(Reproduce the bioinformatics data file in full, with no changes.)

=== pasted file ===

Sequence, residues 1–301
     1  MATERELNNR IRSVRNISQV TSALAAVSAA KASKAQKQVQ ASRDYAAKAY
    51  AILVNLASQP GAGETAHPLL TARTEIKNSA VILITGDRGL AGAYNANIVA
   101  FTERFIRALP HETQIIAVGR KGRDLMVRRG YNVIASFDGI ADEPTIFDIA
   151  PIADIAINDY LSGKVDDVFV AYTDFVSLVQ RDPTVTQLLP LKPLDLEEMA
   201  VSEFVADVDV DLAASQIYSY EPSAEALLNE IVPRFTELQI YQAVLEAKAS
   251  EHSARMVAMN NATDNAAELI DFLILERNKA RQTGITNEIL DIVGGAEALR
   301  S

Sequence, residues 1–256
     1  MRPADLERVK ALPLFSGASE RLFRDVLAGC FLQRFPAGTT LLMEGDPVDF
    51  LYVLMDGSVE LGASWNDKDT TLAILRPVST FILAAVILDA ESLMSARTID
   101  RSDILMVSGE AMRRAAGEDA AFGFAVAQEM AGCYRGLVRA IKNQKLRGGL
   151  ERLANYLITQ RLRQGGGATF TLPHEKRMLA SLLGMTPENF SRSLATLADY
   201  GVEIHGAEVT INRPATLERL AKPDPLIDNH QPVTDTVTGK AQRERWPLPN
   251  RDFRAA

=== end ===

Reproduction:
Sequence, residues 1–301
     1  MATERELNNR IRSVRNISQV TSALAAVSAA KASKAQKQVQ ASRDYAAKAY
    51  AILVNLASQP GAGETAHPLL TARTEIKNSA VILITGDRGL AGAYNANIVA
   101  FTERFIRALP HETQIIAVGR KGRDLMVRRG YNVIASFDGI ADEPTIFDIA
   151  PIADIAINDY LSGKVDDVFV AYTDFVSLVQ RDPTVTQLLP LKPLDLEEMA
   201  VSEFVADVDV DLAASQIYSY EPSAEALLNE IVPRFTELQI YQAVLEAKAS
   251  EHSARMVAMN NATDNAAELI DFLILERNKA RQTGITNEIL DIVGGAEALR
   301  S

Sequence, residues 1–256
     1  MRPADLERVK ALPLFSGASE RLFRDVLAGC FLQRFPAGTT LLMEGDPVDF
    51  LYVLMDGSVE LGASWNDKDT TLAILRPVST FILAAVILDA ESLMSARTID
   101  RSDILMVSGE AMRRAAGEDA AFGFAVAQEM AGCYRGLVRA IKNQKLRGGL
   151  ERLANYLITQ RLRQGGGATF TLPHEKRMLA SLLGMTPENF SRSLATLADY
   201  GVEIHGAEVT INRPATLERL AKPDPLIDNH QPVTDTVTGK AQRERWPLPN
   251  RDFRAA